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Showing posts from 2019

The price of progress

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The way some individuals and companies exploit our environment seems to be a very twenty-first century concern. However, photographs published in the New Zealand Graphic one hundred years ago show people were starting to realise New Zealand’s natural landscape and resources had been seriously degraded by extractive nineteenth-century industries and farming techniques.

On 6 May 1893 the New Zealand Graphic published a photo with the stark caption, ‘Our timber trade: the work of destruction in a kauri forest.’ It showed a jumbled mass of logs already felled by bushmen. Bullock teams were being harnessed to drag the logs from the forest; probably to a bush tramway and then to a sawmill.


Sixteen years later in 1909 the Graphic published a page of photos entitled simply ‘How the Dominion bush is vanishing.’ The series showed a doomed kauri tree’s final journey from the forest via bullock team, bush tramway and log dam towards the city sawmill.


Then in 1910 the paper published a photo of tw…

Threlkeld, Biraban, and the Awabakal manuscripts at Auckland Libraries

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Held in the heritage collections at Auckland Libraries are two unique manuscripts written in the indigenous Australian language known today as Awabakal. Prior to colonisation, this language was spoken by the Aboriginal peoples of the Hunter Valley and Lake Macquarie area of New South Wales. During the twentieth century, its survival was at risk, however, it is now part of an indigenous language rediscovery movement in Australia.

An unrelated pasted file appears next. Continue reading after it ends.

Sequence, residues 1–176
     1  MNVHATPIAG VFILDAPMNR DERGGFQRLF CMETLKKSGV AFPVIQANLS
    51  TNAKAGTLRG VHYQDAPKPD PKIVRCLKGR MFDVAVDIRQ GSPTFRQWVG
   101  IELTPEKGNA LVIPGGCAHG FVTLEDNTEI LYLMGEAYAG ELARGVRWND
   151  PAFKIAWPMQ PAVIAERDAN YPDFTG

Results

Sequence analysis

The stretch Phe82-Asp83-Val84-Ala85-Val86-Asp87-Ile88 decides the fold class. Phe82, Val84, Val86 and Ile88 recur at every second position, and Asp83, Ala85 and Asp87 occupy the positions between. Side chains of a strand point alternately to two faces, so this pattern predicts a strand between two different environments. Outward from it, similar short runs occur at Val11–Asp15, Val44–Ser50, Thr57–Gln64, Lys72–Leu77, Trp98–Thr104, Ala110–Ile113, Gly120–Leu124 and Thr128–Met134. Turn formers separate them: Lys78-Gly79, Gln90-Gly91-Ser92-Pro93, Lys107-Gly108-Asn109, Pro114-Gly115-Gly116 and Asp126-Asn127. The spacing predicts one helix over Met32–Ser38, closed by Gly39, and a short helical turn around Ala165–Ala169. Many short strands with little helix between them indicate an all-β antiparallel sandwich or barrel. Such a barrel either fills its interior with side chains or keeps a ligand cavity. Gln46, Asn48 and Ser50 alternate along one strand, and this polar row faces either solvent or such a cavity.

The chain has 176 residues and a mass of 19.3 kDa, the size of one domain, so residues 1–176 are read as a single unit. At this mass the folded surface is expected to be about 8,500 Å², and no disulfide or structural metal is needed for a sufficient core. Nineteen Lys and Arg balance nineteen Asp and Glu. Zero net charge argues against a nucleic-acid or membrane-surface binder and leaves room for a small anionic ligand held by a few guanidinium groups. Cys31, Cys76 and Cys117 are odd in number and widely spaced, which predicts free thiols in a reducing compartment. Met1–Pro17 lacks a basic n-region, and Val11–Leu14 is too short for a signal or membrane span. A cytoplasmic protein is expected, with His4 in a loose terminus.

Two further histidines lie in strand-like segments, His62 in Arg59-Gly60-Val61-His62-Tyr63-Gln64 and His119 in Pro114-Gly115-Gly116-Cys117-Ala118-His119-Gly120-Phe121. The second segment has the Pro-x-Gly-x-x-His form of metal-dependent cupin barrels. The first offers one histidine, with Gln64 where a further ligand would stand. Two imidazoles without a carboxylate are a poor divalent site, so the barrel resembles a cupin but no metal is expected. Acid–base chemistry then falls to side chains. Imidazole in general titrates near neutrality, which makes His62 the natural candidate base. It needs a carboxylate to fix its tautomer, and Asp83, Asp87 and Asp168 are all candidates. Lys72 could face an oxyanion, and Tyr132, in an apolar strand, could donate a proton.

Original texts are important sources for language rediscovery as they record the language when it was spoken widely. To aid this project, and as a contribution to the International Year of Indigenous Languages in 2019, Auckland Libraries has digitised these two manuscripts – Evangelion unni ta Jesu-um-ba Christ-ko-ba Upatoara Louka-umba and An Aboriginal and English lexicon to the Gospel according to Saint Luke - and made them available on Kura Heritage Collections Online. During August they are also on display in the Real Gold case in the special collections …

The Queen Street Mall Trial, May 1979

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It was the first week of the 1979 May school holidays and Auckland’s main thoroughfare was to be closed for a trial pedestrian mall. A trial was initially approved due to pressure from the Tramways union, whose trolley bus drivers wanted to ensure public safety if a permanent mall was to be given the green light. It was argued, according to The Queen Street Mall Pre-implementation Report that the school holidays allowed the mall “to be seen as an event,” and it also gave an opportunity for the public to experience Queen Street in a carless, fumeless, and relatively noiseless state.

And what an event it was.


A carnival-like atmosphere was created for one week in the Wellesley/Victoria street block. $14,000 was spent on signage, performers, makeshift rotundas and stages, seating, planting, and a research programme to determine its success. Activity wise, there was a merry-go-round, giant draughts and chess, mirror painting, collage and a “wheelchair pancake competition for disabled ch…